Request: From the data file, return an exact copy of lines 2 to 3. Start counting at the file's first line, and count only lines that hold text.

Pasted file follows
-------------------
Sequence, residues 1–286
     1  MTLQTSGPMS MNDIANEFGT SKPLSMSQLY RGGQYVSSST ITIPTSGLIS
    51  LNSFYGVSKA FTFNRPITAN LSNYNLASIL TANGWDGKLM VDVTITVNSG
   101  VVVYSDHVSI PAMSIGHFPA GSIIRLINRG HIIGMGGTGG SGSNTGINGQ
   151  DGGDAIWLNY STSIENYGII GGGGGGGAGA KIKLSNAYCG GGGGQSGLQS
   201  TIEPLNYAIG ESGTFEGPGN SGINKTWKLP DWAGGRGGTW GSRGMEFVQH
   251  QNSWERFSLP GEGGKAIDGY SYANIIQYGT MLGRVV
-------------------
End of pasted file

     1  MTLQTSGPMS MNDIANEFGT SKPLSMSQLY RGGQYVSSST ITIPTSGLIS
    51  LNSFYGVSKA FTFNRPITAN LSNYNLASIL TANGWDGKLM VDVTITVNSG